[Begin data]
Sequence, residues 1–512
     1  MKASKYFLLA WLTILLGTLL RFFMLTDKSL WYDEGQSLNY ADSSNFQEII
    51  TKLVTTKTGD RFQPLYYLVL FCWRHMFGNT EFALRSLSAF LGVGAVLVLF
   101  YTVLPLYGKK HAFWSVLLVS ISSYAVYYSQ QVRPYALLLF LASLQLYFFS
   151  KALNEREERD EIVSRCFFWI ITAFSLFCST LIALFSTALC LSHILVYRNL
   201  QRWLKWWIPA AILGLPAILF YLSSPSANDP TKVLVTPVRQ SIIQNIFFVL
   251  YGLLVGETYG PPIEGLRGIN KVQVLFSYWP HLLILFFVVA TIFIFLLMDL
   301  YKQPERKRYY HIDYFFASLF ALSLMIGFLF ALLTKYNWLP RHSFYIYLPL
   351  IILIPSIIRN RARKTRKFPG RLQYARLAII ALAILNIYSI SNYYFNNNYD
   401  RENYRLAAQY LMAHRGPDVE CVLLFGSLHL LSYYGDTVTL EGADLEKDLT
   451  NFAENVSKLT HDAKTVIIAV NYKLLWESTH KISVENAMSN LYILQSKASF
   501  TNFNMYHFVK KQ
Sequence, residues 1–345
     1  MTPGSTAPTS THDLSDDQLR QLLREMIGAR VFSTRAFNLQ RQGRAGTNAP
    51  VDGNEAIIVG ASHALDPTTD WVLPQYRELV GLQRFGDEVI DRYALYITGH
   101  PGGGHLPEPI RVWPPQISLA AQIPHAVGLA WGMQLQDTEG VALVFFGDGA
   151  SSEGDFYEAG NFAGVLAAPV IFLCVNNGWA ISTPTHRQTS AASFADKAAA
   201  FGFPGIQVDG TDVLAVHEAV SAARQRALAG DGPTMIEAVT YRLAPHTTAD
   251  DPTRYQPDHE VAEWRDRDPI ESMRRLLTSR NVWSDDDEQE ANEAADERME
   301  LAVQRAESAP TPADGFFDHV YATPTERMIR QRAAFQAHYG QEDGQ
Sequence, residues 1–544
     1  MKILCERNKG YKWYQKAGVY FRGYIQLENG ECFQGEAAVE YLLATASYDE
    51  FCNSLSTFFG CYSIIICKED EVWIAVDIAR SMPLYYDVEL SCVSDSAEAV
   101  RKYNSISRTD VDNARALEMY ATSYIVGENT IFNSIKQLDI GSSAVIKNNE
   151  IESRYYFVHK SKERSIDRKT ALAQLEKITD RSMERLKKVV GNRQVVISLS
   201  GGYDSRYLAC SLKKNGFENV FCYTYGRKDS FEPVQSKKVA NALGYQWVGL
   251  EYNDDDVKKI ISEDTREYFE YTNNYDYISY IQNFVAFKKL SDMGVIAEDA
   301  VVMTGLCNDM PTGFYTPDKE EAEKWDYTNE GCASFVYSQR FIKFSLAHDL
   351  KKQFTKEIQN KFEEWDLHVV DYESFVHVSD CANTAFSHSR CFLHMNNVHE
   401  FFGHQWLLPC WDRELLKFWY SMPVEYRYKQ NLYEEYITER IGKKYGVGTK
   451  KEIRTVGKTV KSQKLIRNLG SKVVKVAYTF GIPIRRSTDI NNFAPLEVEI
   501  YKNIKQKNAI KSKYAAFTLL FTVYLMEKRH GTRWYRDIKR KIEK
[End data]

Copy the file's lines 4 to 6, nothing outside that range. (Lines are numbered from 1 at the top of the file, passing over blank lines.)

   101  YTVLPLYGKK HAFWSVLLVS ISSYAVYYSQ QVRPYALLLF LASLQLYFFS
   151  KALNEREERD EIVSRCFFWI ITAFSLFCST LIALFSTALC LSHILVYRNL
   201  QRWLKWWIPA AILGLPAILF YLSSPSANDP TKVLVTPVRQ SIIQNIFFVL